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Review of MTASC

I’ve started using the Motion-Twin ActionScript compiler (mtasc), and I thought I should share my thoughts on the subject.

My first impression of mtasc is that it doesn’t suck. It might be a low standard to aspire to, but seriously, there is hardly any competition.

The problem with the Macromedia compiler (mmc) is that it’s paintfully slow. It’s also somewhat stupid. mtasc, on the other hand, is blazingly fast and has some nice features, too.

The complications

There are, however, a number of complications. I can’t recommend you to use only mtasc, you must compile with mmc once in a while for a number of reasons.

  • mtasc can’t compile the flash.* nor mx.* classes, so unless you compile with mmc you can’t do very much animation. You get warnings that they have #include statements (which aren’t supported by mtasc).

The good thing is that all these problems are solved if you compile with mmc once in a while, and the #include problem can be solved by editing the classes by hand and removing the include (it’s only including version info anyway, not anything that will break your application).

There are also a few annoyances, or at least things that work differently:

  • The scoping is different, static variables are not accessible inside closures (anonymous functions), you have to use ClassName.variableName to access them. It’s not wrong, just another interpretation of the scope a closure sees.
  • Another scoping issue is that a local variable will be used in place of an instance variable with the same name, this is actually expected, but different from mmc. I’ve had problems that seemed totally inexplicable, where compiling with mtasc worked fine, but after compiling with mmc the application wouldn’t work. No compiler warnings from either compiler, just different interpretations on what’s right.
  • As stated above, #include is not supported. This is neither an annoyance nor a problem, since you shouldn’t use it anyway, but it’s good to know that it’s not possible to use. If you have a #include in your code it will generate a warning and not an error, but nothing will be included, so you may experience strange behaviour.

The good stuff

Besides being fast, mtasc has some nice features. Take for example the inference type checking: the compiler’s type checker will remember which type a variable has depending on which type it got when it was first assigned. Example:

var list = new Array();

list.popp();

This will generate an error in mtasc, since Array doesn’t have any method called popp. mmc wouldn’t say anything since it’s to lazy to look up the type of the variable, you’d have to declare it explicitly.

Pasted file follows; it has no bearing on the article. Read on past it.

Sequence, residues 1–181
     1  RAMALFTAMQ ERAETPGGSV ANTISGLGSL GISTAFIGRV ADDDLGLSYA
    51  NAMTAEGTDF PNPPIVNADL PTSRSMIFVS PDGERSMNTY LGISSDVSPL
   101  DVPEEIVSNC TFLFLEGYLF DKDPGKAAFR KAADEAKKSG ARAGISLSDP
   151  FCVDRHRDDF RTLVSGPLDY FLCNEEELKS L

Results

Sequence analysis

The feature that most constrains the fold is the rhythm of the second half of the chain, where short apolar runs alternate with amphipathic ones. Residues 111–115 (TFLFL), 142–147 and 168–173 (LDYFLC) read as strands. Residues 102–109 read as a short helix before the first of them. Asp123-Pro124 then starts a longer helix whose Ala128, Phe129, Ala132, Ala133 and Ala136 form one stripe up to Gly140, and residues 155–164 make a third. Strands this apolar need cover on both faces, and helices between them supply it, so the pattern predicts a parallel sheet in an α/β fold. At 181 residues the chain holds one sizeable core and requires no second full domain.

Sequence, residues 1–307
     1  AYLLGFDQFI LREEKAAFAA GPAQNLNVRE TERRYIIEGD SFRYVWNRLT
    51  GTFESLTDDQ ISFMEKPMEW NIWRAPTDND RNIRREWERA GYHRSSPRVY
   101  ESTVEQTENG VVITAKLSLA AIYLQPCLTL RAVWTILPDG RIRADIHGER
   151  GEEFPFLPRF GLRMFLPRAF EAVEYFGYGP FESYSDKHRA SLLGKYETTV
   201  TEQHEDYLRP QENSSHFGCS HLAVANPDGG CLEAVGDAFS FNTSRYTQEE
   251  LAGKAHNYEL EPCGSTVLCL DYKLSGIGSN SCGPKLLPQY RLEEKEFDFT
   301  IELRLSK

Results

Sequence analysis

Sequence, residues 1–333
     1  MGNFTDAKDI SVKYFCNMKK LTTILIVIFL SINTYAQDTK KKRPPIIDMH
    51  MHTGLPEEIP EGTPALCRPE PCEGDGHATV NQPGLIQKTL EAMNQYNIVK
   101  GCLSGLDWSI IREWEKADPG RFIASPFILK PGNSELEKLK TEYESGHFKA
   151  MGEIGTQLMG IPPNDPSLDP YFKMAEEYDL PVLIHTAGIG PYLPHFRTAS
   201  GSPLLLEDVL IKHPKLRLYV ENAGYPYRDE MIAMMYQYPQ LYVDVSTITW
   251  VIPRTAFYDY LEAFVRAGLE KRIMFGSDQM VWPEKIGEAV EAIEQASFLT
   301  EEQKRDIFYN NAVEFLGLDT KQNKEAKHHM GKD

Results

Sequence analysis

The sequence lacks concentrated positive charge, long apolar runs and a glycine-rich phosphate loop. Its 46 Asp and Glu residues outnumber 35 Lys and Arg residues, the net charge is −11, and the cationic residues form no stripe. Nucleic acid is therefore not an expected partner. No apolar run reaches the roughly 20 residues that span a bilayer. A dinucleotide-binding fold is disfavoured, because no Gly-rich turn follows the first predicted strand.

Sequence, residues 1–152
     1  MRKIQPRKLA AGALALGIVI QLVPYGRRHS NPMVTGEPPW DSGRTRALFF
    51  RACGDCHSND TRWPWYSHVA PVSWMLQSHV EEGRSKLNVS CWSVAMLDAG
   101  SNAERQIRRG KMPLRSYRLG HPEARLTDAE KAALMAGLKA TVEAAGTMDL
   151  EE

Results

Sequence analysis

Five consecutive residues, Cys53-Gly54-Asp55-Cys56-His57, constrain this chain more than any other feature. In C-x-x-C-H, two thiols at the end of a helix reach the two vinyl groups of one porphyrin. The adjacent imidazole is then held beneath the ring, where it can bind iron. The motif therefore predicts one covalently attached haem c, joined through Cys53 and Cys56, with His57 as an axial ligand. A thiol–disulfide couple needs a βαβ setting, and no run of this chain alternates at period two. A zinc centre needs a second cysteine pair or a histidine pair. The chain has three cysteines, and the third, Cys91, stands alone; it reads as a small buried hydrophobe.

Another nice feature is that mtasc can do a compile time substitution of the trace function and replace it with any function of your choice. The custom function will also recieve the full name of the method containing the trace call along with class name and line number.

mtasc has a hack to make arrays type-safe. I say hack, because I think it’s a hack. It looks like this:

var list : /Number/ Array;

On the other hand, it can get by as extra documentation, which makes it less of a hack.

Last and maybe least, mtasc can generate warnings for imports that are not used. This can be handy for cleaning up the import section of your class files. I’m sure that mtasc (and perhaps even mmc) is clever enough not to include classes that are only imported but not used in the resulting SWF, so this is just for clarity and cleaning.

Conclusion

This has hardly been a thorough review of mtasc, but I hope you are somewhat interested in it. I use it always, and I feel it saves me time since I don’t have to switch to Flash and watch the progress bar forever everytime I want to compile. I can even run the compilation just to do syntax checking and type checking, which I never did with mmc since it was too slow. I coded until I had something I wanted to test, then I compiled, fixed errors, compiled and so on until I could test. To compile just to do a syntax check would break my flow, but this is not the case with mtasc, instead it has become a part of my flow.

Just remember that every now and then you have to compile with mmc, otherwise it may not be possible for your colleagues to use your code.

A footnote: mtasc will not be available for ActionScript 3.0, so it’s somewhat of a dead end. On the other hand, the new compiler in Flash 9 seems much better.

Another footnote: the author of mtasc has another project, called haXe, which is an alternative programming language similar to ActionScript 2.0, but with the haXe compiler it can be compiled into SWF for the Flash Player, JavaScript for web browsers and Neko for server-side applications. It doesn’t look so bad, but ActionScript 3.0, Flash 9 and Flex 2 seems better.

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